The Clearing – Oil Painting

The Clearing

This is the finished painting I started a few days ago. The last post mentioned the issues with Liquin and deep shadows (see here). I was exploring the idea that lines (not outlines) more than shapes trigger a sense of realism in a painting. I was aware of this in drawings and graphical work where the line does not actually outline the objects but suggest shapes.

I did not record the painting of this picture because  of the messing around with Liquin. The colours used were the usual Burnt Sienna & Raw Umber (red), Yellow Ochre (yellow) and French Ultramarine (blue). Black and white and a strong green, Chrome Green Light were also used. The second painting, which was affected by Liquin, I have recorded, so far, and I will record the finishing when it dries. I will be able to use ‘glazes’ because the painting will be dry – that will be something different from recent paintings.

I have included the pictures below to illustrate the thing about lines and their ability to convey a realistic impression. Both were done about 30 years ago. One is a scraperboard, where the black is scraped off – like reverse drawing. The other is an oil painting produced with long bristled, narrow round brushes. The technique involved using low boiling point petroleum solvents. This material would evaporate within seconds of applying the paint. In a way, it was similar to watercolours. The colours were built up with multiple lines layered on top of each other. If they were applied quickly enough they would blend together. The technique was limited to brightly lit subjects not like the painting above.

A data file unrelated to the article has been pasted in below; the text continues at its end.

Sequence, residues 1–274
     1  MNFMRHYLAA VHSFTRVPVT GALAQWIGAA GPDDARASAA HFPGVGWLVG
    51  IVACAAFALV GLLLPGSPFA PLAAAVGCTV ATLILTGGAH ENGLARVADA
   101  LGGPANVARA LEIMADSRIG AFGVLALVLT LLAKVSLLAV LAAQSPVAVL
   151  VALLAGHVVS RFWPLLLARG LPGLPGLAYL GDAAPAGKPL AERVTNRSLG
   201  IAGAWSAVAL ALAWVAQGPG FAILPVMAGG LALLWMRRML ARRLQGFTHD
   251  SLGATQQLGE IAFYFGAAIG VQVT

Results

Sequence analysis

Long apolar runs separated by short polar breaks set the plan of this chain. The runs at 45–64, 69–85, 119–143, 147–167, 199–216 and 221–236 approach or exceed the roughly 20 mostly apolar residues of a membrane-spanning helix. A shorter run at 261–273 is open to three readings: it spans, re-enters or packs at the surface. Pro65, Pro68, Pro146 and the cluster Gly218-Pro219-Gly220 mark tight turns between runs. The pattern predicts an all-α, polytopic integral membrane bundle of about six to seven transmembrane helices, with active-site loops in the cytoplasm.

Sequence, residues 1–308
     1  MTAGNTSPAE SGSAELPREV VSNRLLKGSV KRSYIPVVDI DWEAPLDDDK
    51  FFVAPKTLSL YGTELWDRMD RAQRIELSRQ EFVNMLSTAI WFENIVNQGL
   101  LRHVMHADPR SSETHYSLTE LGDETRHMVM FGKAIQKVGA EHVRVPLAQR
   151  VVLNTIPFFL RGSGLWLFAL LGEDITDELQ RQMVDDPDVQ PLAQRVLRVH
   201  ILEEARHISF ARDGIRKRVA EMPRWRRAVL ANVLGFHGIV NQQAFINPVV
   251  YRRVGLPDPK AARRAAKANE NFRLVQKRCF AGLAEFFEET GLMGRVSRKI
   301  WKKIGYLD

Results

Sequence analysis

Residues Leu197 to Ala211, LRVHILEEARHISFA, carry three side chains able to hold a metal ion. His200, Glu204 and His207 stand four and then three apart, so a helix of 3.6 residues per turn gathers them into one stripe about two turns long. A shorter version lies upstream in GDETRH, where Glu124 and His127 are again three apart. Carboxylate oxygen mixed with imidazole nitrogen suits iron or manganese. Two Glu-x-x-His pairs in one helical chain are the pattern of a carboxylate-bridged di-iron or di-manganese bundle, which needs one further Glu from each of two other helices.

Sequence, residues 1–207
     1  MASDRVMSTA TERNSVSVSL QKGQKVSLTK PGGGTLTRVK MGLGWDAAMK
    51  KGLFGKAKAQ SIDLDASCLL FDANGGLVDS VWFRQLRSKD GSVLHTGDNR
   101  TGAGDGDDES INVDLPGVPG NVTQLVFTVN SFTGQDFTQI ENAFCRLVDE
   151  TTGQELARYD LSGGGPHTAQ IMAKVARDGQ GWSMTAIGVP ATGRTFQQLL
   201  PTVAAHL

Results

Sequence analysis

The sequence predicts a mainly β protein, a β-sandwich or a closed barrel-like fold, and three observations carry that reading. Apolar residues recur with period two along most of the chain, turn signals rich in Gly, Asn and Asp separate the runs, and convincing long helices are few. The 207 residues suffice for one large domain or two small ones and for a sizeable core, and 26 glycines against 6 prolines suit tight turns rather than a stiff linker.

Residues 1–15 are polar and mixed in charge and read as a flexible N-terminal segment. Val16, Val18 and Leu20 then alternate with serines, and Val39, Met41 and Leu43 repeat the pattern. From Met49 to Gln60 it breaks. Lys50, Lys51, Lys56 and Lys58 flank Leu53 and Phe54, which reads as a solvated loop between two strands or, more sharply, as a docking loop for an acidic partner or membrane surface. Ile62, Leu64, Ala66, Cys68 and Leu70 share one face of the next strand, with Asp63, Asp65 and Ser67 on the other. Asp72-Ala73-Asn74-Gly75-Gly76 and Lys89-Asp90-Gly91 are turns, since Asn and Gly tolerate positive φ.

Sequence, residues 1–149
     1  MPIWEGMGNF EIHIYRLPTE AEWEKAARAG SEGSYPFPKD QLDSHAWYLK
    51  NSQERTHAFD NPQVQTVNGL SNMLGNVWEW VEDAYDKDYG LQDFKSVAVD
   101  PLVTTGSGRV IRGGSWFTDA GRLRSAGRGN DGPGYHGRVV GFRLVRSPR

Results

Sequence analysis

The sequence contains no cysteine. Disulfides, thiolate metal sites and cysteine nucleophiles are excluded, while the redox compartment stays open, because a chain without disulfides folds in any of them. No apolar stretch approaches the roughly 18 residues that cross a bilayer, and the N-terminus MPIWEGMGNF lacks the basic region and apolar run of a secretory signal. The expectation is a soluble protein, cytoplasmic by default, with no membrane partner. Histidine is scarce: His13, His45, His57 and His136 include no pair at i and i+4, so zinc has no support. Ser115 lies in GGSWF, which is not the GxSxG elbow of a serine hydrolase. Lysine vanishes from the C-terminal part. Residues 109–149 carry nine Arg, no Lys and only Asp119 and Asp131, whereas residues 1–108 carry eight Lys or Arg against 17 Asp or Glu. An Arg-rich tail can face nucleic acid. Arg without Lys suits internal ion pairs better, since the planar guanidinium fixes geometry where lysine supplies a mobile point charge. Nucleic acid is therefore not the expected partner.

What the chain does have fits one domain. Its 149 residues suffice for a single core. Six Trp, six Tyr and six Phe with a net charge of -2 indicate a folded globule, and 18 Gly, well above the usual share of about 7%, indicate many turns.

Kilmoroney House

Fisherman's Cottage


Scraperboard sketch

Kilmoroney House circa 1975

I am currently painting an oil painting which includes the above building, or what remains of the above building. The last 36 years has not been kind and very little now remains. The above sketch is a ‘Scraperboard’. This panel starts as black layer of dry Indian Ink on a white chalky layer. The picture is created by scraping off the black with a sharp point. The shades of grey and different textures are produced by a series of fine lines. Its a tedious and time consuming process and because you are working in reverse, black to white, it makes it all the more difficult.